The profound problem of evil is a scandal that keeps many people far from God and drives many others away from him. Is it moral evil and sin at work? Yes, but there is more at work. Is it moral evil among those who should be setting an example? Again, yet, but even more so, it is physical evil and suffering. This is evil that we all witness.
Take war, for example, with its deliberate destruction of cities and its unjustifiable slaughter of the elderly and the innocent, of women and children. Such is the scourge of war. Then there are diseases and calamities of all types: earthquakes, floods, droughts, and monsoons which produce massive, multifaceted suffering. Children are torn away from their parents and families are broken up.
God created us not for suffering but for happiness, above all and without exception. He wills our happiness in order that we may enjoy with him the fullness of joy. The misfortune is that we human beings do not know how to be happy.
If we only listened to Christ who came to teach the world true happiness!
Against true human happiness, there is or appears to be a great obstacle: the evil of suffering. Christ converted suffering into happiness. Suffering can still come, but it is no longer a sadness.
Christ has taught us to overtake suffering at its source. There, where it springs up, we can seize and transform it; there, we can change its nature and make it a source of happiness.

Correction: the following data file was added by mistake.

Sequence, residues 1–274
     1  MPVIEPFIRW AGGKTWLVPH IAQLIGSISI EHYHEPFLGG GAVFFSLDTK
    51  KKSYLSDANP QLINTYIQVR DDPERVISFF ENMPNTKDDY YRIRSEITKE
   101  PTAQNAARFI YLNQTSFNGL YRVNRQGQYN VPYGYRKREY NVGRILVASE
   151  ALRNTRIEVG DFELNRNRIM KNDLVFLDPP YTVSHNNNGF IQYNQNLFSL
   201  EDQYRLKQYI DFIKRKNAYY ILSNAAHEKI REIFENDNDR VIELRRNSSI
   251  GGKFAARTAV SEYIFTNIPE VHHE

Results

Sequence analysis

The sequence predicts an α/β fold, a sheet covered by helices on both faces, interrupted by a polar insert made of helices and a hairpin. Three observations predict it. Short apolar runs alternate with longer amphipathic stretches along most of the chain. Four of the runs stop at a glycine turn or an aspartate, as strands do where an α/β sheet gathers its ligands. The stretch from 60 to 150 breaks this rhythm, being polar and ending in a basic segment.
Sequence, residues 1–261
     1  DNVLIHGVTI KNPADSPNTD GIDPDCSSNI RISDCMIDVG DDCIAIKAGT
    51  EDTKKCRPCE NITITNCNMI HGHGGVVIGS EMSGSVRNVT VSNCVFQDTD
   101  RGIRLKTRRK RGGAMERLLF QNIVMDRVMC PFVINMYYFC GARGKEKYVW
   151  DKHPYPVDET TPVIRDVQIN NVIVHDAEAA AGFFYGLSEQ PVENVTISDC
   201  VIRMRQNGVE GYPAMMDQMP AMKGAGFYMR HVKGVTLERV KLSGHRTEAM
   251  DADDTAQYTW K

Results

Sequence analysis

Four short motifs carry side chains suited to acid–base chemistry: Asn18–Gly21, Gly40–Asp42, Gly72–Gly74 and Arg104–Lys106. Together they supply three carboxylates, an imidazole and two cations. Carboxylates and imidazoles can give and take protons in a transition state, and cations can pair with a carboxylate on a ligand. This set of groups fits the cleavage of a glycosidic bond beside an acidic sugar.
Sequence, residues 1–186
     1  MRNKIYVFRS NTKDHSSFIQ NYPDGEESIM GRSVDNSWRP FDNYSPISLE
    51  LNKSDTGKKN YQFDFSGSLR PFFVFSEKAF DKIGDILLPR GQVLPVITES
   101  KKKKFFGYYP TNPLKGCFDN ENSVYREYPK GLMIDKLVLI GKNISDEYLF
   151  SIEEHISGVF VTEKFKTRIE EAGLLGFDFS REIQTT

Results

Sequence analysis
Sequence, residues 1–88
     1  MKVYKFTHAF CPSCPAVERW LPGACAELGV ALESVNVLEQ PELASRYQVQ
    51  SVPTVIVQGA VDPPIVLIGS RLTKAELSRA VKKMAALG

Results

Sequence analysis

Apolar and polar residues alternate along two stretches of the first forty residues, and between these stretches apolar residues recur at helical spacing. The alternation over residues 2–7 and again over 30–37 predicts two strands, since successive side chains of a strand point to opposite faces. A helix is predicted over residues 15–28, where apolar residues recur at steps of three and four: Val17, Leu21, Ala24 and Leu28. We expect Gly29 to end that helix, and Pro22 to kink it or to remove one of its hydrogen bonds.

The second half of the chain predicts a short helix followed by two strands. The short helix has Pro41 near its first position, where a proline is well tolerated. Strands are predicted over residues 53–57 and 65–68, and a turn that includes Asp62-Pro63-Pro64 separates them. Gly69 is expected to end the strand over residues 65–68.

Since Christ chose suffering for himself, suffering is not a curse or a plague to be avoided at any price. Christ welcomed the cross and even said, “He who wishes to come after me must take up his cross every day and follow in my footsteps” [Lk 9:23].
We have already considered God’s preparation of Mary to be the mother of his eternal Son. What extraordinary supernatural gifts God poured out on her at the moment of her creation and throughout her life.
Would God not have loved his mother to have given her such exceptional gifts? But he also gave her the fullest measure of suffering. Do we not call the Virgin Mary, “Our Lady of the Seven Sorrows?”
Since the number seven is considered a sign of perfection, it follows that his suffering represents the epitome of living, human suffering. That is the destiny of Christ’s mother.
Saint Teresa was well aware that God afflicts those whom he loves when she said: “Oh, to die and thus to see you! But, if you will for me to live longer here on earth, then please grant me suffering, so that I will not waste the time” [Cf. The Book of Her Life, 40].
Life without suffering is a waste of time. Every hour not united to God’s will is an hour squandered.
I call on you my God, and on you, ever Virgin Mary, for you have never wasted your time. Teach me to love.
Servant of God Père Jacques de Jésus, O.C.D.
Conference 10, “The Cross: To baptize suffering and happiness” (excerpts)
Friday evening, 10 September 1943
Jacques, P 2005, Listen to the silence: a retreat with Père Jacques, translated from the French and edited by Murphy F, ICS Publications, Washington DC.